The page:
The day after the International Olympic Committee announced that Tokyo would host the 2020 Olympic Games, a headline in the South China Morning Postread, "China: Tokyo Olympics will only be success if Japan recognises war aggression."
Tokyo's successful hosting of the 1964 Olympics, less than 20 years after its defeat in World War II, was seen as a brilliant illustration of its reintegration into the international community - which at the time was synonymous with the West. A year later Japan joined the GATT, or General Agreement on Tariffs and Trade, and the OECD, the Organisation for Economic Cooperation and Development, an exclusive club of rich economies. Geopolitically secure in its military alliance with the United States - and protected by the American "nuclear umbrella" - Tokyo could focus on economic growth, which proved astonishing and was soon dubbed a "miracle." In 1967, Japan surpassed Germany in size of aggregate GDP.
In the meantime, the rest of Asia was still poor and chaotic. China was two years away from launching the devastating Great Proletarian Cultural Revolution, Vietnam was at war and would remain so for more than another decade, South Korea was still at least 10 years away from achieving any noticeable economic ascent; indeed, in the late 1960s, the state of Asia could be encapsulated in the title and subtitle of a 1968 three-volume opus by Economics Laureate Gunnar Myrdal, Asian Drama: An Inquiry Into the Poverty of Nations. Once again, Japan was distancing itself from Asia and ensconcing itself in the Western camp. Henceforth, whether in Cold War parlance or in reference to the global economy, "the West" included Japan.
The narrative of the 19th and most of the 20th centuries is the rise of the West and the precipitate decline of the East. In 1820 Asia accounted for 60 percent of global GDP, with 33 percent from China. By 1913, Asia's share of global GDP had declined to 20 percent. By mid-century, the time of the 1949 Liberation, China's share of global GDP had fallen to less than 5 percent.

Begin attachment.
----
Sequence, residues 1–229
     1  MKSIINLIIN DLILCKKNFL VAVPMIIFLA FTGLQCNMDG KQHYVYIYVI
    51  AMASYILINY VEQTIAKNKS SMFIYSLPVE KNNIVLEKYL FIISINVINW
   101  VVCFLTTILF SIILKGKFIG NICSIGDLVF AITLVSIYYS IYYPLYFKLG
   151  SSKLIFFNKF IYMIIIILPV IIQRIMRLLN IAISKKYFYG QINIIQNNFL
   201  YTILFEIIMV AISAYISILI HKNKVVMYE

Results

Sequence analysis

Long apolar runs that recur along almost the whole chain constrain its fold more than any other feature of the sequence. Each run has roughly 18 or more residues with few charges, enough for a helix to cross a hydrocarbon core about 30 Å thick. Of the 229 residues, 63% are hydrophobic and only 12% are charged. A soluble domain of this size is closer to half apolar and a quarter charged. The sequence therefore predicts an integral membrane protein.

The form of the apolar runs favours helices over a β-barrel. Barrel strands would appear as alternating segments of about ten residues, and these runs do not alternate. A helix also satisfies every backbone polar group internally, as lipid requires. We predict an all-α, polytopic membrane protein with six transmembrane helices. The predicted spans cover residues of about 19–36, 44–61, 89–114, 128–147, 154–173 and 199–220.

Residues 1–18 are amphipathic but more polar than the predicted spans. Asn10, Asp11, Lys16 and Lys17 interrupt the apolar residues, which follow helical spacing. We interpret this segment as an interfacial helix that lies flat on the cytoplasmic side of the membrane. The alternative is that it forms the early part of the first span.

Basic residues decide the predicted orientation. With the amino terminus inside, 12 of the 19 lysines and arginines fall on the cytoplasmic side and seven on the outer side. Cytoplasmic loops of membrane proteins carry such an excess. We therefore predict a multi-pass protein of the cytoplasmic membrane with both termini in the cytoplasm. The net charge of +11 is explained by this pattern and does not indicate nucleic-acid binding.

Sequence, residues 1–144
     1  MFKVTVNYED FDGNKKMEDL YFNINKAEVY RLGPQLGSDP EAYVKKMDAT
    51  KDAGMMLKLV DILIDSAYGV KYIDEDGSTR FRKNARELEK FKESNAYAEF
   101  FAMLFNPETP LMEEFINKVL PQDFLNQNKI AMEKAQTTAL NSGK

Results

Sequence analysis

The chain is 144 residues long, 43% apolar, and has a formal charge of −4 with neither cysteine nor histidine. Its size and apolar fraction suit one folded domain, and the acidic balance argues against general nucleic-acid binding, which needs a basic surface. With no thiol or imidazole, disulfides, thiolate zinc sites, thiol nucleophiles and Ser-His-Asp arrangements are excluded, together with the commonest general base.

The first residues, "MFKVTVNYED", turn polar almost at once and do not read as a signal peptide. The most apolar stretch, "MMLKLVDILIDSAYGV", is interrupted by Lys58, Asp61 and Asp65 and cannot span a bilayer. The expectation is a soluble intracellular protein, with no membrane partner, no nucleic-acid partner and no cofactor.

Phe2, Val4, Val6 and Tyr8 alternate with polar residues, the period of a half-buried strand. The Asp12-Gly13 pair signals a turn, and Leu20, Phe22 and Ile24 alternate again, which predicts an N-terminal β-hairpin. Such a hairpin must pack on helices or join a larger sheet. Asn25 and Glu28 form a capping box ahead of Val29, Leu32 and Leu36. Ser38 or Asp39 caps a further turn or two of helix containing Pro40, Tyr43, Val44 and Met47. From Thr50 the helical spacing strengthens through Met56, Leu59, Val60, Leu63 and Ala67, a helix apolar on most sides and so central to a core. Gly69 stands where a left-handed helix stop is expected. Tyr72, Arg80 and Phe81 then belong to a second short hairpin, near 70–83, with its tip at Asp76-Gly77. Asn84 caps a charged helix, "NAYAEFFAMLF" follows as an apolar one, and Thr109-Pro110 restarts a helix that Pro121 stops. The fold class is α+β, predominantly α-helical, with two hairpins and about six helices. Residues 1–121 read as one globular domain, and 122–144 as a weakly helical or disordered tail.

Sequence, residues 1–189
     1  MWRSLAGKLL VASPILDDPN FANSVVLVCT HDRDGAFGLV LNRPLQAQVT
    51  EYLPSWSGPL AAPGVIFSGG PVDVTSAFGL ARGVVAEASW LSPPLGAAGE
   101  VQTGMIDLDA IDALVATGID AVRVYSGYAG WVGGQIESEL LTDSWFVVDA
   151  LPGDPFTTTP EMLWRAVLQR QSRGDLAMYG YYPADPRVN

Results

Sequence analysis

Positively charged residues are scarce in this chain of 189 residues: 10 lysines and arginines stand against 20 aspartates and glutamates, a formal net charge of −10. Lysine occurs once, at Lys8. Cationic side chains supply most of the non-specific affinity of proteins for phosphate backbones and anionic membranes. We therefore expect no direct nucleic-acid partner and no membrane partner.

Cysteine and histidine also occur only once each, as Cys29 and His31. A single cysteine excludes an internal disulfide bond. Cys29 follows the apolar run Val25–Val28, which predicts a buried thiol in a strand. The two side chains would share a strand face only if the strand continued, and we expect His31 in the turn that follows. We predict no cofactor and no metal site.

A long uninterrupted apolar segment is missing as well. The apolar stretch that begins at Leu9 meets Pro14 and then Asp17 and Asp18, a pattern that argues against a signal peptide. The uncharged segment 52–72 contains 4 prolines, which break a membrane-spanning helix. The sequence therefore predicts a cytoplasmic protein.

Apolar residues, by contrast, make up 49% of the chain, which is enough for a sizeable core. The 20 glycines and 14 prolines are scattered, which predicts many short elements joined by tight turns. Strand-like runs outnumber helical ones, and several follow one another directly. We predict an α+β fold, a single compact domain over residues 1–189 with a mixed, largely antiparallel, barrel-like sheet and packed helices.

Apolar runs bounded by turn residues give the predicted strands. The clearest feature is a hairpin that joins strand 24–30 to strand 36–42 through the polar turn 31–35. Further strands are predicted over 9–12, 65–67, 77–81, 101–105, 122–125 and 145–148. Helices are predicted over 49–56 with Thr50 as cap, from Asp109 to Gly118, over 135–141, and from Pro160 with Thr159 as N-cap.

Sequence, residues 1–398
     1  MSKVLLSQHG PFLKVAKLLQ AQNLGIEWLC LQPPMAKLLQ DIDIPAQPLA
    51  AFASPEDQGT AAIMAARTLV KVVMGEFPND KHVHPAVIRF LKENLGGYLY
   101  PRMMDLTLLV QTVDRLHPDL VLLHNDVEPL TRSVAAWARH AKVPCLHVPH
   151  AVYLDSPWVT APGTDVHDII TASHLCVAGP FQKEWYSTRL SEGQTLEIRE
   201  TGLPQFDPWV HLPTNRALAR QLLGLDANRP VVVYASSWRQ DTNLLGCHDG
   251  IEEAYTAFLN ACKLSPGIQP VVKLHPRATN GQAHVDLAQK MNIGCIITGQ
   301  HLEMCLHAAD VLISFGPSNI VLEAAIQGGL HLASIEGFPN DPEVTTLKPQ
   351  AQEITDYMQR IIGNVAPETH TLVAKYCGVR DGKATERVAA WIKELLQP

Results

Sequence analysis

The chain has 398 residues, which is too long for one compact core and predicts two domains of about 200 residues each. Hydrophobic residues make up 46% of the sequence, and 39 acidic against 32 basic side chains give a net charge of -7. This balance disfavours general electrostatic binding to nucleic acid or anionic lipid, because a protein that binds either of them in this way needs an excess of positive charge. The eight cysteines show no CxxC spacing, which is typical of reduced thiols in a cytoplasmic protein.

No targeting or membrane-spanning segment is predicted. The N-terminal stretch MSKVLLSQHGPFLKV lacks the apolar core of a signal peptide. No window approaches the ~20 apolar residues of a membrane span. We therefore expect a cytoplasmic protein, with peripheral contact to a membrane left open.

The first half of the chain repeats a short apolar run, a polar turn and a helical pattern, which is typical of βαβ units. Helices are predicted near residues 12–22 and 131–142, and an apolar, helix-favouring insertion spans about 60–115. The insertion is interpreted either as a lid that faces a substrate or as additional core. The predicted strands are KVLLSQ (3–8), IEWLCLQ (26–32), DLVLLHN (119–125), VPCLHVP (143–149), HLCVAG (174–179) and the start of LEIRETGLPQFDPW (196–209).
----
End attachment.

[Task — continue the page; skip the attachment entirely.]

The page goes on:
Japan bucked the Asian decline trend. In the space of one generation, the nation emerged from a feudal, isolated, peasant society to become a major industrial and imperial power. At the Paris Peace Conference in 1919 it sat with Great Britain, France, Italy and the United States. Rising phoenix-like from defeat in World War II, by the late 1960s it accounted for half of Asia's total GDP.
Japan showed a knack for adaptation. In the mid-19th century, fearing that it might suffer an ignominious fate at the hands of Western imperialists comparable to China's devastating humiliation in the Opium Wars, Japan underwent a radical political and cultural revolution. With the "restoration" of imperial rule, as the Emperor Meiji ascended the throne in April 1868, a "Charter Oath of Five Articles" was promulgated, the intention of which was to set the spirit and vision of the "new" Japan. The fifth article reads: "Knowledge shall be sought throughout the world so as to strengthen the foundation of imperial rule." The 1880s were dubbed the decade of "(western) civilisation and enlightenment" (bunmei kaika), culminating in 1885 with one of modern Japanese history's most seminal publications, written by the prominent Japanese thought-leader of the time, Fukuzawa Yukichi - his image can be found on the Yen 10,000 bank note - entitled Datsu-A/Nyû-O, or"exiting Asia/entering Europe."
In fact, Japan's roots and identity lie deeply in East Asian civilization, having borrowed a great deal of learning, culture, philosophy by way of Confucianism, religion by way of Buddhism, a system of writing and art from China and Korea. During the Asuka period, 6th and 7th centuries CE, major reforms were based on Chinese statecraft, while the imperial capitals, Nara and later Kyoto, were modeled on the Tang dynasty's Xi'an.